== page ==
The photo below is a typical example of one of the tiny, perfect segments of a travel experience usually deemed ‘sharable’.
Flat lays of Barista coffees, sparkling wine and passports, or departure boards with boarding passes held up in the foreground are Instagrammed seemingly every second from airports across the globe thanks to free WiFi.
But travel is not all as perfect as it looks and you can count on a whole lot of less than perfect travel outtakes which are not photographed and shared.
I actually took that photo at least 5 times
I changed the contents, set up, angle and focus. Then I cropped it and did some basic editing using the Lightroom app on my phone before uploading it into another app and deciding I actually didn’t want it in my Instagram feed. Perhaps I would tweet it instead? And what to say..?
Meanwhile my coffee’s going cold, I’m not getting any work done, I’m yet to start my breakfast (not shown) and there are people looking at me in a weird way. It’s times like these I’m grateful I chose to become a blogger and not a vlogger: at least I’m not talking to myself.
My continual hunt for wifi
In real life I basically have my phone in my hand from the minute my alarm goes to the minute I shut my eyes. With the exception of when I am looking at a computer screen.
When I’m travelling and don’t have a local SIM card I struggle to adjust to life without continual internet.
McDonalds, Starbucks and large department stores are generally pretty reliable for WiFi which means if I’m out for the day, I can’t pass one without hovering outside for a bit to see whats happening in my emails and on social media.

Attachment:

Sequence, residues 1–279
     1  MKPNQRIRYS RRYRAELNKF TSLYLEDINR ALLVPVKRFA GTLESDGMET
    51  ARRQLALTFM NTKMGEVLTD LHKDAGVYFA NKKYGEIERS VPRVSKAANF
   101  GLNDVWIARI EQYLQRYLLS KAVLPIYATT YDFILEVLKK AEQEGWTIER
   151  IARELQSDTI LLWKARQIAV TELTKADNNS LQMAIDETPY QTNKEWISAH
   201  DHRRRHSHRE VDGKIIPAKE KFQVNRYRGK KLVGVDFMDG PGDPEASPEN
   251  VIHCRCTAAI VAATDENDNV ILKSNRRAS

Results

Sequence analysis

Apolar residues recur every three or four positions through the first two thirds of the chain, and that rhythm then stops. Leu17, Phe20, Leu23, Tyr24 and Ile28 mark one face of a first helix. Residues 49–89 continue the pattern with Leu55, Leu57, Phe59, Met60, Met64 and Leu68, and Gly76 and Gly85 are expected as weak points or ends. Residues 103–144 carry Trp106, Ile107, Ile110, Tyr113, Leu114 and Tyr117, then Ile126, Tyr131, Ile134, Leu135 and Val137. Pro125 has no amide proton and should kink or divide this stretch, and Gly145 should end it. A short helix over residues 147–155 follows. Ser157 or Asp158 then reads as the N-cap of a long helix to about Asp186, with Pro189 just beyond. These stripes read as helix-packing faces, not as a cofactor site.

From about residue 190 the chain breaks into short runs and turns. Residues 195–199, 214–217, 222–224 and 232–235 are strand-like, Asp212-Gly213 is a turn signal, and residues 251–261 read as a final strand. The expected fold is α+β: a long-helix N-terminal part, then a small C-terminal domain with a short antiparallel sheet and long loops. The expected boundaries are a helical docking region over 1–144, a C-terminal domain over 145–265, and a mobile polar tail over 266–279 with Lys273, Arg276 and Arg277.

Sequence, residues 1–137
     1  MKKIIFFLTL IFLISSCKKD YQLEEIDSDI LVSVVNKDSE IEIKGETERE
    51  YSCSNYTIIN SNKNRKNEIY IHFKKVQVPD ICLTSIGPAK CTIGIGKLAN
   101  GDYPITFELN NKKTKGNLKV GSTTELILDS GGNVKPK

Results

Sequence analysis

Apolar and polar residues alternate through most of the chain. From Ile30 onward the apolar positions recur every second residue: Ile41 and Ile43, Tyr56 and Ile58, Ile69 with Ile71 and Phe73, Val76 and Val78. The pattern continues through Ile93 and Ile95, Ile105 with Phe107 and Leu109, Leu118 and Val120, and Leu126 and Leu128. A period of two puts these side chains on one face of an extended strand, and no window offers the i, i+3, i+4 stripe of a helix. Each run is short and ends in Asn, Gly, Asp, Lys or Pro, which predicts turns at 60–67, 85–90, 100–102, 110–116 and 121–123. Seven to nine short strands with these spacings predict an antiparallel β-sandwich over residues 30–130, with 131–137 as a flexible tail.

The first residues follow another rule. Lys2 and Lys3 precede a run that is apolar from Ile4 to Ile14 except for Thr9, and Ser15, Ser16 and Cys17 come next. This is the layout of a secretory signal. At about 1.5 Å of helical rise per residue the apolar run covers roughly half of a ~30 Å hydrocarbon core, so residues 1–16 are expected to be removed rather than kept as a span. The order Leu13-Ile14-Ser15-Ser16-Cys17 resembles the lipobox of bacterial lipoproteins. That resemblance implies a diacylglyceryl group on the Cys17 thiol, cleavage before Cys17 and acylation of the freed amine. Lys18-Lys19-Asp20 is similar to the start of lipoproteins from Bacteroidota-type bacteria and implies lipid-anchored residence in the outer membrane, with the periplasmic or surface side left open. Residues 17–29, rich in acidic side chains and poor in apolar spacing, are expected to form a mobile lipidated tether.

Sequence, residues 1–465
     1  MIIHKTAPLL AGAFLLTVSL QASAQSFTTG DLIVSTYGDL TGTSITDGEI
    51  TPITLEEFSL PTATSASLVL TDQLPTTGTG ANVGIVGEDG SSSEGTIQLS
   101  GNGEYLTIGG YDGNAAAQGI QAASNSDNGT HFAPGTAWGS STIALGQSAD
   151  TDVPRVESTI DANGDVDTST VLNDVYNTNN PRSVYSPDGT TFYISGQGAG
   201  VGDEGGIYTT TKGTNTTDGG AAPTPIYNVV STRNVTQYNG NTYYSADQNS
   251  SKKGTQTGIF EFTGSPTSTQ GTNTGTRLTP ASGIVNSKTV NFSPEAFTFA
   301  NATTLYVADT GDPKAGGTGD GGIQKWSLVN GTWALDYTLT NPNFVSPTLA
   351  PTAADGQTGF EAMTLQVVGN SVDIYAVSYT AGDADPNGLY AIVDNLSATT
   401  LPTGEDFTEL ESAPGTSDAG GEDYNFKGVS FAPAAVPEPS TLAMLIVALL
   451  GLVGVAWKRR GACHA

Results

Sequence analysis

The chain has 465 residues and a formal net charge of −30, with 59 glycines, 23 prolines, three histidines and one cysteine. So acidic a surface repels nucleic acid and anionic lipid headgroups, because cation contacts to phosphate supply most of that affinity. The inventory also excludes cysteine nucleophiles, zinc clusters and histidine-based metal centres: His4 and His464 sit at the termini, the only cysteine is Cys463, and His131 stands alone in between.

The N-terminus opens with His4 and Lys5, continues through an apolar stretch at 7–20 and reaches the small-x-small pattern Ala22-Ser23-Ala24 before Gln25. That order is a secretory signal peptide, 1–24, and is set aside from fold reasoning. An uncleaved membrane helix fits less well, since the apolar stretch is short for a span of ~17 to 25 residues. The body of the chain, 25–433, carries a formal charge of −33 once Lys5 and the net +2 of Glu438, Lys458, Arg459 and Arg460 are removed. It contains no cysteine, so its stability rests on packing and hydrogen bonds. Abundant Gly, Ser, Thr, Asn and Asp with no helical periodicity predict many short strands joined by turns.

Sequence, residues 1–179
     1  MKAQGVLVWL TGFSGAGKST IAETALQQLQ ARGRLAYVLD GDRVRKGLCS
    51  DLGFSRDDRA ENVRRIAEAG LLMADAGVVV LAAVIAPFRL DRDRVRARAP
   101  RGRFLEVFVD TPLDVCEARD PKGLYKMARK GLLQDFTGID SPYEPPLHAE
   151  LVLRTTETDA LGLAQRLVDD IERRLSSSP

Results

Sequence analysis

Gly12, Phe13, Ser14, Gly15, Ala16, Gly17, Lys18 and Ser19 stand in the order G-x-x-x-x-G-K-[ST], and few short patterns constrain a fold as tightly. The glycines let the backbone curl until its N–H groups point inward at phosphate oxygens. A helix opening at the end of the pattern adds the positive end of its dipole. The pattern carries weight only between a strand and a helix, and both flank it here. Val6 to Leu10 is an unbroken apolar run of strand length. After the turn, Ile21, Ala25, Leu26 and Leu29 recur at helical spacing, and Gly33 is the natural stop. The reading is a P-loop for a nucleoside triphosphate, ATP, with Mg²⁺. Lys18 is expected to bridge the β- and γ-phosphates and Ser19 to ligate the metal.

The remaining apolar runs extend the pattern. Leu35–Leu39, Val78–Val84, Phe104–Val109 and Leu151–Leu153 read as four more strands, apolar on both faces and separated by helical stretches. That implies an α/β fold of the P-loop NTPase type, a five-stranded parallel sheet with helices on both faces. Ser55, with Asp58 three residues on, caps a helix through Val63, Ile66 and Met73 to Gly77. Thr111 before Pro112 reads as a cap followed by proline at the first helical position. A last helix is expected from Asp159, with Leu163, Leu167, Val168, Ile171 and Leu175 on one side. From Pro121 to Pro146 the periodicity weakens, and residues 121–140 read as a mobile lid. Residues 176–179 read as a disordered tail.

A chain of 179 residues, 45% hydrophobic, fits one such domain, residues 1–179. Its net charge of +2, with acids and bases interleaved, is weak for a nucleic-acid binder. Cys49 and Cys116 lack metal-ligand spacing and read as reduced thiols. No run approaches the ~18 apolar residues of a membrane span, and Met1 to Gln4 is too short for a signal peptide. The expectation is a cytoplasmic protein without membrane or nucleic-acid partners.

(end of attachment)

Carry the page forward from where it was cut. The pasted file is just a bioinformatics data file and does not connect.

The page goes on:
As I’ve pointed out to more than one frustrated travel companion, for all we know the world might have ended without us knowing about it.
Challenging Taxi drivers
Taxi drivers can be hit or miss at home when they speak the same language as you.
I was basically high-fiving myself when I successfully explained to a Marseille taxi driver in poor French that we wanted to go to the cruise terminal. He surprisingly understood what I meant by ‘le grand bateau’ and delivered us there.
But one night in Milan I was with three friends and awaiting the late arrival of another who’d had to work in London that day. Between the bottle of wine which cost a Euro and a bar offering ‘all you can drink for 5 Euro’ (it tasted like gasoline) we were feeling pretty happy.
We told Caitlin to tell her taxi driver to go to the needle (massive statue near the train station, surely a landmark to all?) to meet us but this clearly did not translate well in Italian. After several stressed phone calls poor Caitlin eventually spotted us. There was then a further row with the taxi driver when more people than there were seatbelts for tried to jump in the cab (seems Italy has rules about that too) and two of us had to walk back to our accommodation.
When your roommates are actually the worst
If you’re staying in hostels you’ll no doubt at some point strike someone who returns drunk in the middle of the night, turns on all the lights and makes a racket for far too long. Then there are the snorers, the couples who are a wee bit friendly despite being in a public forum, and the ones who either sleep through or snooze their ridiculously early alarms, waking everyone except themselves up continually.
Mostly I accept my roommates won’t be there when anyone I’m sharing my experience with visits and only share how cute/ clean/ comfortable the establishment was.